Earnings, earnings, and more earnings. First up, Barclays. (Sorry, I know I’m a day late.)
Barclays Capital, the investment banking arm of Barclays, made a significant contribution to the earnings of the bank in its most recent quarter, although overall results still failed to meet expectations. BarCap’s profits soared to £1bn, double what it was last year, increasing the firm’s pretax profit by 8 per cent to £2.984bn, missing expectations of £3.5bn.
Outside of investment banking, it’s not as rosy. The UK retail banking’s pre-tax profits fell by 61 per cent to £268m while its commercial bank registered a £404m pre-tax profit, which is 42% lower than last year’s. There was also an increase in impairment charges of 86%, a strong reflection of worsening consumer loans.
Having said that, Barclays CEO Bob Diamond spoke of plans to expand its operations in Asia, which could see the firm hire as much as 1,000 people this year.
Next in line, Hong Kong and Shanghai Banking Corporation.
For competitor HSBC, pre-tax profits saw a decline of 51% – from $10.2bn to $5bn, which barely beat estimates of $4.9bn by analysts. Just like Barclays, HSBC took a lot of good from its investment banking division which posted more than double its profit from last year. For the first half of 2009, pre-tax profits soread to $6.3bn versus the $2.7bn recorded last year.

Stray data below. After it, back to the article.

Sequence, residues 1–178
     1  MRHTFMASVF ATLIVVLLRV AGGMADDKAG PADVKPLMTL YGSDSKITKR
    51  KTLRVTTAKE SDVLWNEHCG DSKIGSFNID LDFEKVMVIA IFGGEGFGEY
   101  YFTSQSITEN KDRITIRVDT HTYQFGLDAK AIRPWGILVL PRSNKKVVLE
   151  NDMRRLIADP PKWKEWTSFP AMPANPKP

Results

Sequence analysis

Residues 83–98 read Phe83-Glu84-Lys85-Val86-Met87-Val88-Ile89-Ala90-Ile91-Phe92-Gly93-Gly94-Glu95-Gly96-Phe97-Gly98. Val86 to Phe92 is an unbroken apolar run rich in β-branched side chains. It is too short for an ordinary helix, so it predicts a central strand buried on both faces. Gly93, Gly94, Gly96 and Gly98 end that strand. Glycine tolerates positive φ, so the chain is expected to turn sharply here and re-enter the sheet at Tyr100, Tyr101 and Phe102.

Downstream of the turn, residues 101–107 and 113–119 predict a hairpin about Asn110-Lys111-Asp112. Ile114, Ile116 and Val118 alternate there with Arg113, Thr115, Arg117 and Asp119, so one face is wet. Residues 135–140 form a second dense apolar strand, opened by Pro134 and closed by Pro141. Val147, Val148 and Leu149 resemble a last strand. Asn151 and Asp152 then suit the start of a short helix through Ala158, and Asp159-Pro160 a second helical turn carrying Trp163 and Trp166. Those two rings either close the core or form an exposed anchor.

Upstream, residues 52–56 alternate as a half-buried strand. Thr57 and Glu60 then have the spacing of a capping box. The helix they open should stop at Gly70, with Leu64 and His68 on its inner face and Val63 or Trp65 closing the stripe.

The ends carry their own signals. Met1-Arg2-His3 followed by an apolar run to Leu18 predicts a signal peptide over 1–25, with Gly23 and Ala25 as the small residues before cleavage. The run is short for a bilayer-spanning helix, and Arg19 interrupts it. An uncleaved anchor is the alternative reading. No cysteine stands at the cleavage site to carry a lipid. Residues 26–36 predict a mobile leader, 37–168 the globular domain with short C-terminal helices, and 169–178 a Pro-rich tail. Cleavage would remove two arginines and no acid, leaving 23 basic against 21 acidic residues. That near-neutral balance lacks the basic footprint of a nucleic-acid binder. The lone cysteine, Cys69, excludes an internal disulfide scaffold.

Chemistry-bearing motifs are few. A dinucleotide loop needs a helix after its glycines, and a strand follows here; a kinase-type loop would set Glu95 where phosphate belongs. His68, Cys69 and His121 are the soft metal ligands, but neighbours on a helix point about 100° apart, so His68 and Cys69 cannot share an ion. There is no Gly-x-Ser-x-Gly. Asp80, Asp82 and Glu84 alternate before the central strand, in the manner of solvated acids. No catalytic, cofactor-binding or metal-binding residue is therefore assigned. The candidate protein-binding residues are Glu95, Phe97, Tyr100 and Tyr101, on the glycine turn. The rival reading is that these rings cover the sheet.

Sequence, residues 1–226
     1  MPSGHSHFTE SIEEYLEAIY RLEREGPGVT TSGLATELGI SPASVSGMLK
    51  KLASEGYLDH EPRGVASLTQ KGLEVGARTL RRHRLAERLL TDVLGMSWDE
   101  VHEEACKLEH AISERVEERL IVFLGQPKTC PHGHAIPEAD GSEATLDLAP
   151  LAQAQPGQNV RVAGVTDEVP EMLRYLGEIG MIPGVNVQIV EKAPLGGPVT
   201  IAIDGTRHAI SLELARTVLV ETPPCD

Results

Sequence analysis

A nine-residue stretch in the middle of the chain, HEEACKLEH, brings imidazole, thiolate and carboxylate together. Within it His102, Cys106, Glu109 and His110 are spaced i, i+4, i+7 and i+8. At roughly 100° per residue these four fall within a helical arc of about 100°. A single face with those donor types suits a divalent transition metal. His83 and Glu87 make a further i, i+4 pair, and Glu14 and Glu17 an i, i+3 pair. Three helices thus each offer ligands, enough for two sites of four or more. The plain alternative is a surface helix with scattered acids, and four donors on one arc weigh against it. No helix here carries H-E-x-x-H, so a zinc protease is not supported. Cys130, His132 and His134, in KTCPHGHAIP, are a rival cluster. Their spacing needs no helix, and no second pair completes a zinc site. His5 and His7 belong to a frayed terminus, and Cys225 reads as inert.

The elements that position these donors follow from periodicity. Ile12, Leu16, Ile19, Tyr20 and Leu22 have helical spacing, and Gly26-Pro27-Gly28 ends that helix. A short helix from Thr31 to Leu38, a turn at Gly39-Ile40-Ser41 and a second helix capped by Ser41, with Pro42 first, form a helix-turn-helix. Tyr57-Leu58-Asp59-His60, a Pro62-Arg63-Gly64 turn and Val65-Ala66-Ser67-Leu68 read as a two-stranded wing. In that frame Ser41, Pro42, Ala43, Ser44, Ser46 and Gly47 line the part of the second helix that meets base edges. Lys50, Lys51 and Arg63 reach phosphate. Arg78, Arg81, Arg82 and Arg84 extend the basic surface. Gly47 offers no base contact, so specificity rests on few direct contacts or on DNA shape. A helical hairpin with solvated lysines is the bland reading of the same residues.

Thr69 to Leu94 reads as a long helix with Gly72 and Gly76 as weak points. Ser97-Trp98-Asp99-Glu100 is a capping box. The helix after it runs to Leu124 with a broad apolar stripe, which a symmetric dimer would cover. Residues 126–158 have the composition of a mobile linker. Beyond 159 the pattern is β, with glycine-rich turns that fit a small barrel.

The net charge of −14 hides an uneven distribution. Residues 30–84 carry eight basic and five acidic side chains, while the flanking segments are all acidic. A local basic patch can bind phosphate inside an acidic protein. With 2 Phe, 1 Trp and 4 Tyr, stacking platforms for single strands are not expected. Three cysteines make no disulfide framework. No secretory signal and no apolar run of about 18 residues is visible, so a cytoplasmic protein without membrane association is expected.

Looking at the personal banking arm of the firm, it swung to a loss of $1.2bn from last year’s $2.3bn, while profits from commercial banking fell 47% to $2.4bn. Impairment charges did not take a toll in its earnings as big as it did in Barclays. Provisions were $13.9bn in the first half, just 39% higher than last year’s.
The shares of both banks surged in European trading despite the earnings miss because of the belief that we’ve already seen a bottom in this crisis, as stated by their respective CEOs. We should not also forget that these two banks did not fall under the control of their governments, having decided not to take ‘bailout’ money while everyone else ran to the arms of Alistair Darling and the gang.
An excerpt from a piece off of The Economist reads:
WHEN the rug was pulled from under Britain’s big banks, only HSBC and Barclays remained upright, avoiding state rescue by raising capital from private sources. Now their sense of superiority is likely to be compounded by first-half results. On Monday August 3rd both banks reported big profits. By contrast, Lloyds Banking Group and Royal Bank of Scotland, which are now state-controlled, are both forecast to make losses.
The entire piece HERE.
Here’s an additional set of charts from the FT highlighing some of the results released by both banks (click to enlarge):
Last for now, Standard Chartered.
Standard Chartered’s pre-tax profit for the first half of 2009 went up from $2.586bn last year to $2.838bn, an approximately 10% increase. Net income stood at $1.93 billion, beating the $1.8 billion estimate. Loan impairment losses as well as other risk provisions amounting to $1.1bn drag down the earnings.
Today, the firm also announced plans to raise £1bn via share placing to help fund its expansion in Asia. “If the Standard Chartered placing raised the planned £1bn, it would increase its core tier one ratio – a measure of capital strength – from 7.6 per cent to 8.4 per cent”, says an FT report.